When I saw this Romish influence towards, about one month past, I thought it necessary to dull the papists’ expectations by discovering of certain mass-mongers and punishing of them, as I do not doubt but you have heard of them. I take God to record that I meant no evil to any of them, but only for the rebating of the Papists’ humours which, by the Queen’s Majesty’s lenity, grew too rank. I find it hath done much good. (32)

The “mass-mongers” were at least more fortunate than Edmund Campion and the other English martyrs of the 1580’s whose condemnation and execution Cecil personally supervised, (33) but the public excitement over their arrest was used as a basis for declaring any support for receiving the Pope’s emissary “treason.” It was a decisive stroke, all the more significant because it was taken during one of the two brief periods of Elizabeth’s reign when Cecil was out of favor, for opposing her prospective marriage with Robert Dudley, later Earl of Leicester. Knowing Cecil’s power, Dudley had gone to Philip’s ambassador to ask for Spanish support. Philip promised to help only if Elizabeth would allow the Mass again in England, release the imprisoned English Catholic bishops, send some of them to the Council of Trent and then abide by its decrees. (34) The latter two conditions show how strongly Philip was supporting the Council. It was this plan that Cecil frustrated, yet it does not appear that Philip ever realized what went wrong or who was responsible. For another quarter of a century Philip still hoped to influence policy in England, though because of Cecil he never again had a realistic chance of doing so, while Cecil seems to have regarded Philip as just another royal politician, albeit a very powerful one, whose interests were exclusively national and personal.


In the year 1566 the horror that had ravaged France came to the Low Countries. With all the ink that has been spilled over the “tyranny of Alva,” Philip’s heavy taxation of the Dutch traders, and the “establishment of the Inquisition in the Netherlands” (which, contrary to legend, was established not by Philip but by his father Charles, though Philip certainly supported it vigorously), it is curious how lightly most histories pass over the immediate cause of the devastating war that was to last (though with some truces) a full eighty years, the kind of war against which Charles V had so solemnly warned in his abdication statement in Brussels in 1555. Philip sent the Duke of Alva, his best soldier and one of his most ruthless, to the Netherlands precisely and solely because of what happened during August and September 1566 in Antwerp and throughout the Low Countries, as the record of his decisive meeting with his council in October of that year makes unmistakably clear. (35)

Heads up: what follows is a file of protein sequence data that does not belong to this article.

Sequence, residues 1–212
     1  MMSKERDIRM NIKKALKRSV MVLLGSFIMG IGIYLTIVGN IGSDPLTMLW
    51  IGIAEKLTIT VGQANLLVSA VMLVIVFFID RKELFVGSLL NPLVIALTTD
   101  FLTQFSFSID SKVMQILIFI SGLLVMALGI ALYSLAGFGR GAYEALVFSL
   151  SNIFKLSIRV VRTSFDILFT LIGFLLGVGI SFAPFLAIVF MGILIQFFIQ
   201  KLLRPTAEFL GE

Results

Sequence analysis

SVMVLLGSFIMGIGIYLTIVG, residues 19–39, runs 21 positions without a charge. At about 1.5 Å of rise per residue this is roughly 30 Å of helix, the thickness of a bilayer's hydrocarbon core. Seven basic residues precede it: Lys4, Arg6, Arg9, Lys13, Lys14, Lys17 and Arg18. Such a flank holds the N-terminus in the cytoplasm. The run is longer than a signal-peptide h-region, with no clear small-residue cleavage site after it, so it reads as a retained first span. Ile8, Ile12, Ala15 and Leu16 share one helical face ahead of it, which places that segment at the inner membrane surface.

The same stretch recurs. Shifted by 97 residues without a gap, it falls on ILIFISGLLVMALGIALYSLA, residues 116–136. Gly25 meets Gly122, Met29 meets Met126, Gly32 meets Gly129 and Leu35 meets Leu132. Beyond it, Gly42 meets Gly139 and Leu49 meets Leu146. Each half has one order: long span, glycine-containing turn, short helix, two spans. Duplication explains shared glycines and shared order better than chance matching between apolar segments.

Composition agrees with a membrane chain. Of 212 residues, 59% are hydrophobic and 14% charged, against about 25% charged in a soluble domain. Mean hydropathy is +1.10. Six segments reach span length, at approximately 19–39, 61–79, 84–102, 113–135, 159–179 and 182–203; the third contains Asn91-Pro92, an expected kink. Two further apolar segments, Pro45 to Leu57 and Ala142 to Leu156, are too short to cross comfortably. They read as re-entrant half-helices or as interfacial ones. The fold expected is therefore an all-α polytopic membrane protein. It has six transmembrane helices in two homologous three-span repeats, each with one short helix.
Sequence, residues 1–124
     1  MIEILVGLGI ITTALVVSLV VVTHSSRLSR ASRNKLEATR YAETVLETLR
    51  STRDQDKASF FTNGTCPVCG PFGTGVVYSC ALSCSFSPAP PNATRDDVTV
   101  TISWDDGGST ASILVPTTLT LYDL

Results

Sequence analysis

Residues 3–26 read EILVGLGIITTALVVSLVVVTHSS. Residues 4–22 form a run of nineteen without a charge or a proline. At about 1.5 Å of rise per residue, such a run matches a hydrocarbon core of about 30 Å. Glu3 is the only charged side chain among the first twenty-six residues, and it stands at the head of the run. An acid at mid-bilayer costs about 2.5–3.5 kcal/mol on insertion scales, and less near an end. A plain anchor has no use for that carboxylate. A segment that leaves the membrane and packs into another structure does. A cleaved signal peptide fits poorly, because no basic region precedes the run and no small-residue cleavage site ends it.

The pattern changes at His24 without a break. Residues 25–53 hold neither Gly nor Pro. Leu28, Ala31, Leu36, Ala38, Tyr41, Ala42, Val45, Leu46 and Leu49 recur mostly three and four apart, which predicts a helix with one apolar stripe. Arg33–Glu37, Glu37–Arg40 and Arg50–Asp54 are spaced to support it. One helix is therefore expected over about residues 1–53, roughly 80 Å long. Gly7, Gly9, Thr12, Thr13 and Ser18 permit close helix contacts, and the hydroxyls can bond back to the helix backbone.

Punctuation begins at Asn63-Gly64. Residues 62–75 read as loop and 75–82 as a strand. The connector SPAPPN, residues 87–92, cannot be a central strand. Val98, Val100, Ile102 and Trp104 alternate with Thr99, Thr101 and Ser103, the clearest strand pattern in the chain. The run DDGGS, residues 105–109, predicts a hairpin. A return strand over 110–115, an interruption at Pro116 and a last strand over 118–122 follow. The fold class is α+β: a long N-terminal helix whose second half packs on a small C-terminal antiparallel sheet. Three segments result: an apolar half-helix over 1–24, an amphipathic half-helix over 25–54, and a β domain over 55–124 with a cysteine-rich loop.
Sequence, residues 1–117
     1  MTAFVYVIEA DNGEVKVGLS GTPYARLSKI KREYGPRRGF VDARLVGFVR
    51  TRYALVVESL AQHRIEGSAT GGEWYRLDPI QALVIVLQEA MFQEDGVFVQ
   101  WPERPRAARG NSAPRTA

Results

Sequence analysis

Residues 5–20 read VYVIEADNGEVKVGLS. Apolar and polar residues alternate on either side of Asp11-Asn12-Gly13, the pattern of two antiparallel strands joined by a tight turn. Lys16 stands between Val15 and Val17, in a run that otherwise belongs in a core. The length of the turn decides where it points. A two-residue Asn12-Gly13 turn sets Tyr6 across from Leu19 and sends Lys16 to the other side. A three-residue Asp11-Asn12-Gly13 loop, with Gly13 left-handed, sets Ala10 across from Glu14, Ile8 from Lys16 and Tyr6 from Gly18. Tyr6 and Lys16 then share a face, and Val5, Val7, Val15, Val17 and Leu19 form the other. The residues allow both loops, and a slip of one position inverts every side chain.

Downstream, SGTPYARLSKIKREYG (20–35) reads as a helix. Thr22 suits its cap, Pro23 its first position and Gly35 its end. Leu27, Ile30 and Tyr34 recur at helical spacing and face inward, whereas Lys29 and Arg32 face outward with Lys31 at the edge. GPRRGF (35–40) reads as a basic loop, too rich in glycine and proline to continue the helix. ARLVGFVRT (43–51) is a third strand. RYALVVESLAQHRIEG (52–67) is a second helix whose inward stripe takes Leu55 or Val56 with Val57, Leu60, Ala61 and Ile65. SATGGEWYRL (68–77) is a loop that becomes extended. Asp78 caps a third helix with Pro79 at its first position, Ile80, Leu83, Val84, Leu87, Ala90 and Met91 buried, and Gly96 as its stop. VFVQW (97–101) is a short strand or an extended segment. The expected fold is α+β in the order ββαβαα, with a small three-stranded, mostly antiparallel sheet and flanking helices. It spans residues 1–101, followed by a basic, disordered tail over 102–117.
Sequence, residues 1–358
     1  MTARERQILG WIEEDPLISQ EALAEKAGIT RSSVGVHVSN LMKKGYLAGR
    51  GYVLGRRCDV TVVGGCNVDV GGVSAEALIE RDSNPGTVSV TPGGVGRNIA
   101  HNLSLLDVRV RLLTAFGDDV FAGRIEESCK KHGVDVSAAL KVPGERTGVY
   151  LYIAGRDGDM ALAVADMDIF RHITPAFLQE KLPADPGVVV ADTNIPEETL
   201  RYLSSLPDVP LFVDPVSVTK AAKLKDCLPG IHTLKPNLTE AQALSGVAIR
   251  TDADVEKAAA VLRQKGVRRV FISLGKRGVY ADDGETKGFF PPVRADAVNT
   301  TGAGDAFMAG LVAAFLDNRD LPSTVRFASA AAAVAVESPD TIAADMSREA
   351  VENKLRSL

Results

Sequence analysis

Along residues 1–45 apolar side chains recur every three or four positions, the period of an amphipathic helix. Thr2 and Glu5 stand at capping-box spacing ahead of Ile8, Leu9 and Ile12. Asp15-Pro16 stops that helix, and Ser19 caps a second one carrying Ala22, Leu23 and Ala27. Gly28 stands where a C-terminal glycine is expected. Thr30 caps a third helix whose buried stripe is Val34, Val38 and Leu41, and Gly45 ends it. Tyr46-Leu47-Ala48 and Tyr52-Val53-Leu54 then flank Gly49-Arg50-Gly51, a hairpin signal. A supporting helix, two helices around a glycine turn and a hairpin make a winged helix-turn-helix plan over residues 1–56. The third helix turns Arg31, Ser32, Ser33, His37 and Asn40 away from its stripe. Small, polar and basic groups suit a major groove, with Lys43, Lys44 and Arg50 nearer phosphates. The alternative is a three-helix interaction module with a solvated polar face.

On August 16 the great cathedral of Antwerp was gutted by a Calvinist mob. They began by smashing the statue of the Blessed Virgin Mary that had been carried in solemn procession the preceding Sunday; they chopped off the heads of statues of Christ with axes and transfixed other images and pictures of Christ with swords; they assaulted a great old crucifix, which displayed the two thieves between whom Christ was crucified, leaving untouched the statues of the thieves, but hacking the form of Christ to pieces. They smashed stained glass windows and the great organ, and stole and defiled the vessels and plate. From Antwerp the destruction spread all over the Low Countries, until in the incredibly short time of six weeks the churches in more than four hundred towns and villages had been sacked. In Antwerp alone more than 25 churches were devastated in the one terrible night of August 16-17. By all accounts the number of men responsible was very small, little more than a hundred; but not a finger was raised to stop them in Antwerp or in most of the other towns where they attacked. In Brussels, however, one of the great churches of the city was defended against the attackers by a lone Spanish soldier with a pike, who held the door until help came and the iconoclasts were driven off. (36) Small wonder that Philip believed that what was needed in the Netherlands at that point was a few more Spanish soldiers like this one!